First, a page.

Monthly Archives: June 2012

Pink against the blue

An abundance of roses have burst out of the hedges

Voices have been raised in complaint against the weather. Not enough rain, too much rain, too much wind, too much cloud; but all of them have their good points. Hoover and I I walked out one fine summer morning and saw how the hedgerows are decked out in fine array. The fields, too, are littered with flowers, irrepressible poppies peering over the heads of fattening wheat, egged on by buttercups, competing with hogweed that lack wandering pigs to keep it under control.
Poppies buttercups and hog weed

Poppies bring a blush to the wheat fields

The farms lie tranquil, drawing breath after the lambing season and gathering strength to prepare for harvest. Now is the time for holidays and our neighbours have been in France enjoying a rest and welcome warmth.
English Summer

Nothing but the sound of skylarks above us

With time on their hands some of the farms have been trimming the old tracks that we walk. Hoover was delighted and skiped ahead of me, checking in each gap for rabbits and deer. I chased after her, my pockets stuffed with biscuits to tempt her to stay close at hand. It is hard to resist these beckoning paths and our walks recently have dived off in all directions as more of these paths are cut and we explore further afield.
The old drover's road

Who could resist the opportunity to see where this leads?

At the cross roads we had a dilemma; the path we know and love, tended and cared for… Or the one we take less often.
Hoover struggles through

Hoover enjoys scouting ahead

We took the road less travelled, walking with our hands above our heads to avoid the deer ticks which feel no compunction to keep to deer. I have become adept at taking them out of Hoover and Shadow, but have to persuade Jay to take them out of me. Preventatively, I wear well covering clothes and walk like some prisoner in an old fashioned western, with hands well above my head. We enjoyed the vetches and campions. Seeds of cow-parsley, already forming, tickled our arms. Hogweed nodded at head height and our passing scattered puffs of grass pollen that wafted visibly in the breeze. After a pause to admire the view across a field while Hoover returned from checking out a deer trail we met Dave. He is in training to walk Kilamanjaro, clocking up 500 miles at speed, and overtook us briskly, disappearing down the track, swallowed up by undergrowth. I wondered if we might see him when we hit the road, climbing the hill to the next village across the valley, but he is long gone from our vision by the time we hit tarmac.
Hoover avoids the traffic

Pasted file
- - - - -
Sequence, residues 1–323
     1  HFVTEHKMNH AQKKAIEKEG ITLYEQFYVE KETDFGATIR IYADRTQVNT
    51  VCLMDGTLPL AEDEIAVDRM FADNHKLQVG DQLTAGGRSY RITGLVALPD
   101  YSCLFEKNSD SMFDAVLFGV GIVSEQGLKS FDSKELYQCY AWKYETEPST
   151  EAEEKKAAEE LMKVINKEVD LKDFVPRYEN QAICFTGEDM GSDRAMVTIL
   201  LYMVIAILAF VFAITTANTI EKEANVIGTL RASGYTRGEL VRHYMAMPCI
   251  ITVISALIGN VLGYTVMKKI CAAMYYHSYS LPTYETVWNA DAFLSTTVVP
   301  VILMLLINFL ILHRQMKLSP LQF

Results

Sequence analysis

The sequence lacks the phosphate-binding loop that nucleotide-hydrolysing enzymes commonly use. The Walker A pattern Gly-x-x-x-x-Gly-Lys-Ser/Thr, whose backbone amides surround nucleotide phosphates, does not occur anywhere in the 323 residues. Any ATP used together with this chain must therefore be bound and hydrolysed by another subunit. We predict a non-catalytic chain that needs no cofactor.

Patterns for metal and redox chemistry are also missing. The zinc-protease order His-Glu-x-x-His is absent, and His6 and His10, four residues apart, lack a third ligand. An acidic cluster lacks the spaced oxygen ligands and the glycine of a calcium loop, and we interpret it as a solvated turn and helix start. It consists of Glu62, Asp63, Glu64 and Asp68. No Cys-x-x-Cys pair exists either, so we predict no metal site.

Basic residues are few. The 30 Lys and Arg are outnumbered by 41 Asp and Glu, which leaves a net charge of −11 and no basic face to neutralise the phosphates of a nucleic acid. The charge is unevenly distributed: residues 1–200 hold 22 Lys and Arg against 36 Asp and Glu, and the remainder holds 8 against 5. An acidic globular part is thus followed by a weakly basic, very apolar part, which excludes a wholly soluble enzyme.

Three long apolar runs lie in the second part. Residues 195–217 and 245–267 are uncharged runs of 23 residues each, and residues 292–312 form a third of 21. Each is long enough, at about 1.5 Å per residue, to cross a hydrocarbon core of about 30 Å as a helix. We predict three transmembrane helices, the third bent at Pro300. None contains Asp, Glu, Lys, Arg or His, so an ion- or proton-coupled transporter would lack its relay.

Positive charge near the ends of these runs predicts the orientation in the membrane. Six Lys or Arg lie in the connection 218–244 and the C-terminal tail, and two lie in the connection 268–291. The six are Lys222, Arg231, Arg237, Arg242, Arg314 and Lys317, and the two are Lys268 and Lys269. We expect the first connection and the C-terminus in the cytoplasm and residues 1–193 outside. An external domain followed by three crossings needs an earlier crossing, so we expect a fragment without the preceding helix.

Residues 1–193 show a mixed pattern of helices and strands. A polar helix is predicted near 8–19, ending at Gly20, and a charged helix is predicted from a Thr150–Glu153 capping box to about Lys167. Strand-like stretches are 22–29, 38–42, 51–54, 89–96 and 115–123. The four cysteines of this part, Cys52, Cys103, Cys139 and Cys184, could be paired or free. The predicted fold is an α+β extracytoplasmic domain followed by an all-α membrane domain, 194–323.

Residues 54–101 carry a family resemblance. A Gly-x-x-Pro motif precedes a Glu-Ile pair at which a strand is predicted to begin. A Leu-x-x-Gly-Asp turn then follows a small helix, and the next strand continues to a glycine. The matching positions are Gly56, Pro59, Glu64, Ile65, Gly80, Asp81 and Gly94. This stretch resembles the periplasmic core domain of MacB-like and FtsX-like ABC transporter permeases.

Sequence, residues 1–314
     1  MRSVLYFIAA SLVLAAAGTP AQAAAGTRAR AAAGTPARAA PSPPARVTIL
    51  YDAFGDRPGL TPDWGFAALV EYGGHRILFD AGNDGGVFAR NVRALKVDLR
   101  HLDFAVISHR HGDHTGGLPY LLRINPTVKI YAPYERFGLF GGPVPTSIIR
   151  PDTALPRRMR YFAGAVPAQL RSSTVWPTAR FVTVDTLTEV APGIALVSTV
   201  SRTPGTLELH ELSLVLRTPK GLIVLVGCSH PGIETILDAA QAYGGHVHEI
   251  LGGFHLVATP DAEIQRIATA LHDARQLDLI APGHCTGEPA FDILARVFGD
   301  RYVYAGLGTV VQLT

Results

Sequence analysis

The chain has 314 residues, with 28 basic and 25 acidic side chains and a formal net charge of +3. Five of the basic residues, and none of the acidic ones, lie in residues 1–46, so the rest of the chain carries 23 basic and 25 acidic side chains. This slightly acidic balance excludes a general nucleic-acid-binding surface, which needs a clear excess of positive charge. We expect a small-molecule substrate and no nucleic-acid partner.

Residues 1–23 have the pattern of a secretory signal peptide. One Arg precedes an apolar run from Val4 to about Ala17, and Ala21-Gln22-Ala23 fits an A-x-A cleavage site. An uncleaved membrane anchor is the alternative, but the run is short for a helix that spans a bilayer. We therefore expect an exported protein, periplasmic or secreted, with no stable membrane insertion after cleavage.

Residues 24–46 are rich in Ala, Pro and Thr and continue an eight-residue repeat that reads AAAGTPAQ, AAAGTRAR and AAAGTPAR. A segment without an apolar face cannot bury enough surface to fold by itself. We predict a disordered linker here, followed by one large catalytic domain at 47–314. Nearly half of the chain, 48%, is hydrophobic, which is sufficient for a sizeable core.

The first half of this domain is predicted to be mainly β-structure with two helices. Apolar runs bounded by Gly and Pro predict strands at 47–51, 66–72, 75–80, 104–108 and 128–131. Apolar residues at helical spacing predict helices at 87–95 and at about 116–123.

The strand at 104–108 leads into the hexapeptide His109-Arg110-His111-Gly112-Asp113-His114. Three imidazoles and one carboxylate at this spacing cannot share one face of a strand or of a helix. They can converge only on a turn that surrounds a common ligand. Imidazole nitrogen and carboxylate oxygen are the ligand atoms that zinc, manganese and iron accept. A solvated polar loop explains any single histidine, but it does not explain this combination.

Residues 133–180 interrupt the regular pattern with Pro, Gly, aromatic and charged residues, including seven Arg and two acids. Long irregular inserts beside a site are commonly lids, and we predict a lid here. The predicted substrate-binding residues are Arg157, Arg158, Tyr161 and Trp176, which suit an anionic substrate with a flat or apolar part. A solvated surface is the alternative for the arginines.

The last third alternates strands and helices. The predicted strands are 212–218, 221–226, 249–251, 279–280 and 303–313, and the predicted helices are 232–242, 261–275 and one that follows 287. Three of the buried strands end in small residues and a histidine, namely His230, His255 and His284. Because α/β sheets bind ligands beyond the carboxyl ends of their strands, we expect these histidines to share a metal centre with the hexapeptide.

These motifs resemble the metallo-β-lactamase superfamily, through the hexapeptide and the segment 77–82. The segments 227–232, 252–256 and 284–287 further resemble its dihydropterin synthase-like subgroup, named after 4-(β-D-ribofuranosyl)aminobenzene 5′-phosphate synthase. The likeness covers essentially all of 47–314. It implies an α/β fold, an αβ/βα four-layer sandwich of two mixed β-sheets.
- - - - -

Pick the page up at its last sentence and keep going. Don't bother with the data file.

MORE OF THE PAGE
Hoover avoids the traffic

As we rounded the corner and came into the village again we met Leon walking his puppy, a border terrier who is full of energy and curiosity. Imp bounced like a small, brown, india rubber ball, first at Hoover, then at me, then at the world at large.
“I’m trying to wear him out,” said Leon. “But he spends all his time investigating things. We’re aiming to walk down to the farm and back. Reckon we’ll be lucky if we’re back before nightfall.” A car passed us. “Like Picadilly on this road today,” he muttered. Imp bounced, Hoover circled round him, I laughed.

Gertrude gives me the eye

Quick growing horns sprout in opposite directions.

For the last few years I have been concentrating on writing for children. First I wrote a two book series of short stories all based on a dog and her family. The stories are scattered with line drawn illustrations. Children seem to love them, but I have decided that I need to re-think them so that they are more in the voice of the dog; so they are on hold.

In the last year or so I have been concentrating on a new series which starts routed firmly in the present and then develops into time travel, backwards. I am half way through the second book in this series.

And now I have discovered a competition for writers for children. There is a set theme, though the story is up for interpretation. The prize is not big in financial terms, but there is the possibility that the winning entry may be promoted for publication. I am very tempted. There is no point in entering unless I really try hard to write my best effort. But there is a penalty to winning; if what I write is good enough, it may be that I have to then concentrate on this new book and abandon what I am currently working on and in which I am deeply involved.

Do I give up the opportunity to enter the competition? Or do I try, and risk having to shelve something that I feel is good and have been told by critical readers is well worth persevering with? Of course, if I don’t win, then I don’t have to give anything up, but maybe that is telling me something too. I have paced about the place these last few days, taken Hoover out for soggy walks, muttered and accosted poor Jo as she was trying to shear her sheep. I have got no useful work done beyond pondering the story for this competition. And my mind is full of old clichés, mottoes and proverbs. Nothing ventured, nothing gained. Through hard work to the stars. Try, try and try again. He who asks, doesn’t get. He who doesn’t ask, doesn’t want. – My Grandfather used to say that and, for some reason, it comes to mind, even though I’m not asking for anything; except that someone look at my work. If at first you don’t succeed… Rosie used to attach that saying to sky diving, and maybe there is a bit of me that feels that this is somehow similar. Maybe sky diving isn’t for me.

Yesterday, after much sog and dismal weather I looked up to see that the clouds had evaporated and blue sky reigned over us. Hoover and I went out for a quick fix on the hills. Poppies are bursting out all over the place; brilliant sparks of vibrant determination.

Poppies skirt the wheat

Poppies skirt the wheat